Council members may raise other issues, including the need to protect children’s access to education, the importance of implementing a gendered perspective in child protection activities, and ways to strengthen existing mechanisms and tools to monitor, report, and respond to grave violations.

The Secretary-General’s report notes that almost one in three victims of grave violations were girls, an increase compared to 2020 (during which one in four victims of violations were girls). While boys accounted for 90 percent of cases of recruitment and use, 98 percent of violations related to sexual violence were perpetrated against girls. In addressing these issues, members might emphasise the need to collect gendered data on violations and tailor gender-sensitive responses, including sexual and reproductive health and psycho-social support to survivors.

Some members may highlight the need to facilitate adequate child protection capacities in peacekeeping operations. In an effort to to respond to potential violations in emerging crisis situations, they may also note that the Security Council can request the Special Representative for Children and Armed Conflict to brief the Council when there is concern about potentially significant violations against children.

Although members are expected to focus on cross-cutting issues, some may also highlight specific country and regional situations. Several Council members—including European members and the US—are likely to reference the situation in Ukraine. In this regard, they may call on the Secretary-General and his special representative to determine which parties are responsible for committing grave violations in the context of the war in Ukraine and whether they should be listed in the annexes of his reports. Others may highlight concerns about the situation in Afghanistan and the Lake Chad basin region, particularly regarding girls’ access to education.

Some Council members may express their views on the annexes to the Secretary-General’s annual report, which list parties that have committed grave violations against children (one annex for parties in conflict situations on the Council’s agenda, the other annex on situations not on the Council’s agenda). The annexes are divided into an “A” section, listing parties that have not put in place measures during the reporting period to improve the protection of children, and a “B” section, listing parties that have put in place some such measures.

This year’s annual report contains some new listings. It listed the dissident groups of the Fuerzas Armadas Revolucionarias de Colombia–Ejército del Pueblo (FARC-EP) in Colombia for recruitment and use. In Burkina Faso, Jama‘a Nusrat ul-Islam wa al-Muslimin (JNIM) was listed for the recruitment and use, killing and maiming, and abduction of children. In the Lake Chad Basin region, Boko Haram-affiliated and splinter groups were listed for the abduction of children.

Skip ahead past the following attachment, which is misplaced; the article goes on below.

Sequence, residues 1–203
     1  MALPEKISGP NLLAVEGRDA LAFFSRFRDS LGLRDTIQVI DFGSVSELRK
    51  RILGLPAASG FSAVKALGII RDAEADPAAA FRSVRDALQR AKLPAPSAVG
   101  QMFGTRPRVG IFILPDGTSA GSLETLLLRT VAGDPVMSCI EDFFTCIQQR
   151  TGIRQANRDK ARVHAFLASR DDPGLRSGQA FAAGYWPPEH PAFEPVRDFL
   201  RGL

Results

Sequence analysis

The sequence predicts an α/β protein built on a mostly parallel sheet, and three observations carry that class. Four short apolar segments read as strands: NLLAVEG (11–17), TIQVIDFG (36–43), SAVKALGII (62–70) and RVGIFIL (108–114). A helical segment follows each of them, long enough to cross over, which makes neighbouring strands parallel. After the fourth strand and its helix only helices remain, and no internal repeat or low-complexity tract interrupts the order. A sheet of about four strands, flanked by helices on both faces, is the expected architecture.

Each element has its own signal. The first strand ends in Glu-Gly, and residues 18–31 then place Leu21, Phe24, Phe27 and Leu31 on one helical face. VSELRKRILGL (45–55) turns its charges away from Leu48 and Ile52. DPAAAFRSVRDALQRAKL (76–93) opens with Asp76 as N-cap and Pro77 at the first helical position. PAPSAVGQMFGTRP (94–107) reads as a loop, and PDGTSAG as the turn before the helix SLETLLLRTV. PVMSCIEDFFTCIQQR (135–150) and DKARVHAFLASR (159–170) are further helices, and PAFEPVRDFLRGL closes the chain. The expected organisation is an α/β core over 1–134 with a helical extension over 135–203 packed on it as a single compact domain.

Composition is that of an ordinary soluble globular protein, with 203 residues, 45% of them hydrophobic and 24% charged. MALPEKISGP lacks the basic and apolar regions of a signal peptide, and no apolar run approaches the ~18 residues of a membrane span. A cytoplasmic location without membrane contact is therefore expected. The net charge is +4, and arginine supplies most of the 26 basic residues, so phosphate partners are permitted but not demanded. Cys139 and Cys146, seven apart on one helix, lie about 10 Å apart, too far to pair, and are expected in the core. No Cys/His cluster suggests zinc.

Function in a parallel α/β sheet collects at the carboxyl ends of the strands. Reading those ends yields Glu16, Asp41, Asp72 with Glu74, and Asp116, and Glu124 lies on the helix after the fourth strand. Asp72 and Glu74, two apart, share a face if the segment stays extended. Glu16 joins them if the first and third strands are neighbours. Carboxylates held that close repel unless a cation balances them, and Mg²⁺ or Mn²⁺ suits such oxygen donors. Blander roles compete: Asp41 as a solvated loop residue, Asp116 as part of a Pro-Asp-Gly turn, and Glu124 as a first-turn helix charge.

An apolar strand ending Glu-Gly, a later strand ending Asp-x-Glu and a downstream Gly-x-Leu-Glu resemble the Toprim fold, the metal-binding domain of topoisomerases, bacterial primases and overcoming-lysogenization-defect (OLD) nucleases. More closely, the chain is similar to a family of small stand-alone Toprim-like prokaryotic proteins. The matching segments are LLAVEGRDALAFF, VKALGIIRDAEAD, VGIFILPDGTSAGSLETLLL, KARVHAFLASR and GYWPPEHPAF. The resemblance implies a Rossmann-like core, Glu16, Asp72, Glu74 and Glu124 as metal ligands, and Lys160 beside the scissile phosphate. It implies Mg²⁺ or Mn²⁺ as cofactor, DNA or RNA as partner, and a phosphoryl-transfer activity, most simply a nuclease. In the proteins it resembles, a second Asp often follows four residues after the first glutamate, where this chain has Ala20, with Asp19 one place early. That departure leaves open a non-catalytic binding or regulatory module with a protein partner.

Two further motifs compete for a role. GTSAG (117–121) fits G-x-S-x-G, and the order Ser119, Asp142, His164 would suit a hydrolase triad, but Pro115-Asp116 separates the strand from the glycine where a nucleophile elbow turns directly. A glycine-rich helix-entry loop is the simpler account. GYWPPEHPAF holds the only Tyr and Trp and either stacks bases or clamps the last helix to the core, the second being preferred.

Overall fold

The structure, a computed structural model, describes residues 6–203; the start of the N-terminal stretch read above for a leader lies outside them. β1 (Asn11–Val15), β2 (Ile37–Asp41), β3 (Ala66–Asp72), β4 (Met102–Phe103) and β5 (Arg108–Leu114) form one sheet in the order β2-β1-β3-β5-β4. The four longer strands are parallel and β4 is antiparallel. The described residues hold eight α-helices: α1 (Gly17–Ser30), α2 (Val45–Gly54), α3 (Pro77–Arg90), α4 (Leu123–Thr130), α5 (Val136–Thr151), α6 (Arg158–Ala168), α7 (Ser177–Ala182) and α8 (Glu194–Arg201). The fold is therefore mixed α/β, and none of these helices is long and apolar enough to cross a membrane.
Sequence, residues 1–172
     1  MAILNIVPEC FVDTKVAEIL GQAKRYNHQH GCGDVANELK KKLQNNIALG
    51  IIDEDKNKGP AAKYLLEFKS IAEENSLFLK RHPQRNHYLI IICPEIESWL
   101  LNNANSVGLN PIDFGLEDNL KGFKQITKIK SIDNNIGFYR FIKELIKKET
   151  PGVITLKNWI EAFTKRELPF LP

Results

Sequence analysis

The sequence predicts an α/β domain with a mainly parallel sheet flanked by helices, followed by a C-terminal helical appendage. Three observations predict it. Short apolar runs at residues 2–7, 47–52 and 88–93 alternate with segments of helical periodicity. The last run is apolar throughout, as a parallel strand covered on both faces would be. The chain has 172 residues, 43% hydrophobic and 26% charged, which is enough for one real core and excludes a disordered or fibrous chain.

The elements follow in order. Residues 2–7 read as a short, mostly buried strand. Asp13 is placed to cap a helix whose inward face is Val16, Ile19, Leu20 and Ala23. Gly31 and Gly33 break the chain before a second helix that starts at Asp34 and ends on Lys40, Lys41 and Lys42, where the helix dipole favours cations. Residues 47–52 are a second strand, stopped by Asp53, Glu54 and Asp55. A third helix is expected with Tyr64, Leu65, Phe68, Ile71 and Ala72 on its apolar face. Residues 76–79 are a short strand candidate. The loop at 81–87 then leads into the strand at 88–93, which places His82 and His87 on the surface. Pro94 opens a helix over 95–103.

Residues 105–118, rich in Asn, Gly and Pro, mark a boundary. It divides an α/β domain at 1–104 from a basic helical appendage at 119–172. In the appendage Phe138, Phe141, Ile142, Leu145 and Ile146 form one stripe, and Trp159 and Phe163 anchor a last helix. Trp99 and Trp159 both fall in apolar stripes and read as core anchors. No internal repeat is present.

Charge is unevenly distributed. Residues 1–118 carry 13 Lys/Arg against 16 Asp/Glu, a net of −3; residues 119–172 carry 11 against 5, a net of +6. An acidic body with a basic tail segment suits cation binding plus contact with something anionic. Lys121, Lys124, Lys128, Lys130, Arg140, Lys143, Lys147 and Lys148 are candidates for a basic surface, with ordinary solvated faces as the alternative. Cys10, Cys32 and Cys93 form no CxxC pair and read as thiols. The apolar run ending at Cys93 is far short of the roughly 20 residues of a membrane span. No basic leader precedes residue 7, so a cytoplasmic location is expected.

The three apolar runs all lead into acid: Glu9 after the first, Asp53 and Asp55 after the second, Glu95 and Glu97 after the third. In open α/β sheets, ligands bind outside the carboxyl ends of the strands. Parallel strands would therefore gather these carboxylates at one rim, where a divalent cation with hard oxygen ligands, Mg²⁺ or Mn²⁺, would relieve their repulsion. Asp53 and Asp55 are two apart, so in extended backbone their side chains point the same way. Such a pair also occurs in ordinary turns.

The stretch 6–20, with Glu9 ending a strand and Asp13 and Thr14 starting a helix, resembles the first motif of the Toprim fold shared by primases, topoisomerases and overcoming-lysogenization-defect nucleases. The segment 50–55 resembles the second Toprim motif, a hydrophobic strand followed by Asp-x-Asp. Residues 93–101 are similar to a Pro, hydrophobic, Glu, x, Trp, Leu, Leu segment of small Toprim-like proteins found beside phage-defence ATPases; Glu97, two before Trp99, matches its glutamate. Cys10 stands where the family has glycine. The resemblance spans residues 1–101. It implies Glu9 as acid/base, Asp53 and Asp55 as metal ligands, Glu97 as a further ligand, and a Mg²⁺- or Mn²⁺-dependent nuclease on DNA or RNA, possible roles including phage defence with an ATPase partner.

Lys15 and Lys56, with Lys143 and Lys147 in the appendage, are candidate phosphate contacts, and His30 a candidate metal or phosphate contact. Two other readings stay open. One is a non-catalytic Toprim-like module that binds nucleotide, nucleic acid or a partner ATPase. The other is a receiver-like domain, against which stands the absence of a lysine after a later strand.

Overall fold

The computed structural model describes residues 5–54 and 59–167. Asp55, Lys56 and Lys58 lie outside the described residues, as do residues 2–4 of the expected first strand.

For the last few years, questions have been raised regarding parties that were listed, de-listed or omitted from the annexes of the annual report. This year, some civil society organisations have criticised the Secretary-General’s decision to not re-list the Saudi Arabia-led Coalition to Support Legitimacy in Yemen, even though the report showed it was responsible for killing and maiming at least 100 children in 2021.

There has also been criticism of the fact that Israeli government forces and Palestinian armed groups were not listed in this year’s report, despite a high number of violations documented against children during the 11-day round of hostilities between Israel and Hamas in May 2021. The report says that there was a substantial number of airstrikes by Israeli armed forces in 2021, but that so far this year the UN has not witnessed a similar number of violations. The Secretary-General warns that “should the situation repeat itself in 2022, without meaningful improvement, Israel should be listed”. He also notes the high number of violations committed by Palestinian armed groups, similarly warning that “if the high number of violations against children were to be repeated in 2022, without meaningful improvement, Palestinian armed groups, including Hamas’ al-Qassam Brigades and Palestinian Islamic Jihad’s al-Quds Brigades, should be listed”.

It seems that some civil society organisations and member states have questioned the Secretary-General’s decision to move the Syrian government forces, including the National Defence Forces and pro-government militias, from section “A” to section “B”. The Secretary-General cites the government’s engagement with the UN on a draft action plan on ending and preventing grave violations against children as the reason for the decision. However, he emphasises that the move is conditional upon the signing of an action plan and the continued decrease in the number of verified cases of recruitment and use.

At tomorrow’s meeting, although Council members are unlikely to focus on specific listing or de-listing decisions, they may stress the need to maintain the integrity and objectivity of the annexes of the annual report. Council members may call for the consistent and transparent application of the criteria for listing and de-listing parties, which were set out in the Secretary-General’s 2010 annual report. They may also call for more clarification from the Secretary-General on the criteria for moving parties from section “A” to section “B”.

Sign up for What's In Blue emails